The newest TLC reality show featuring the infamous Duggar family is called “Breaking the Silence,” referring to the recent discovery of molestation committed by Josh, the oldest Duggar child, against his own sisters. The original show that made them famous, 19 Kids and Counting, has been cancelled, but I guess the network just can’t bring itself to part with its biggest cash cow yet. It’s also more than a little ironic that the title “Breaking the Silence” is referring to a family that went out of its way to cover up the abuse, and only issued half-assed not-pologies when they couldn’t hide it any longer.
I learned something throughout this entire “scandal.” I learned how many people, my own Facebook friends included, know shockingly little about sex abuse. What it is: a crime. And what it isn’t: a “teenage mistake,” an expression that’s been thrown around quite a bit, as if molesting your sibling is on par with breaking a window playing baseball or staying out past curfew. Those are things that normal teenagers do.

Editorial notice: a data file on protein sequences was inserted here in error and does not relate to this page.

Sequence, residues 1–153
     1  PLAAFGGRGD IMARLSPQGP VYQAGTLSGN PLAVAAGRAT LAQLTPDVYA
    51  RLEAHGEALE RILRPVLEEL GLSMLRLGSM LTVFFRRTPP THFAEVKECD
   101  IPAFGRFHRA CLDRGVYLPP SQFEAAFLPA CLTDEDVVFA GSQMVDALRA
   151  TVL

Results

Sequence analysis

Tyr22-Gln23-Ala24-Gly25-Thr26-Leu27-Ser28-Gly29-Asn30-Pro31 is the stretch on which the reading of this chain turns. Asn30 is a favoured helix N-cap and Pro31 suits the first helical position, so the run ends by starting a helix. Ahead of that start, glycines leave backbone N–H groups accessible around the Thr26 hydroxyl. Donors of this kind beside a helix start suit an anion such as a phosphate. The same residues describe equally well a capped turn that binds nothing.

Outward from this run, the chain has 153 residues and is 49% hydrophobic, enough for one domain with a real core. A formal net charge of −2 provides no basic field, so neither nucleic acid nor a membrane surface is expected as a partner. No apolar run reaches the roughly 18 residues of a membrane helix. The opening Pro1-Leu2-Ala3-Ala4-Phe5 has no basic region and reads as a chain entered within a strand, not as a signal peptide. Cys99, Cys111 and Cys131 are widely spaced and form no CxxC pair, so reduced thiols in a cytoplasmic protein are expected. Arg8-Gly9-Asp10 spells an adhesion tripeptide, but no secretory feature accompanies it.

But the biggest shock for me was the outrage after I commented (unwisely, I know) on a related article that if Josh Duggar were my son, I would put the handcuffs on him myself.
Is it necessary for me to have children of my own to understand that helping them hide from the consequences of their actions isn’t helping them at all? Why is the future of an outed sex offender more important than the future of a victim who has been shamed into silence? To ask, “What would you do if it were your son?” is the wrong question. If you are outraged at the thought of someone wrongly touching your child, then you know reporting the offender is the right thing to do. Frankly, I’m a little concerned about the number of people who seem to put image above justice. How many people are aware that letting justice be served is a form of love?
I know a family in which the kid caught with drugs was denied bail by his parents, who wanted him to spend a night in jail to fully comprehend the magnitude of his decision. On a lesser scale, I was raised in a home where we lost privileges for breaking the rules no matter how “sorry” we said we were. We were old enough to have rules, and therefore old enough to choose to break them. At fourteen years of age, why do we act like Josh Duggar shouldn’t have known better than to hurt someone?
Love may be tough, but it doesn’t enable.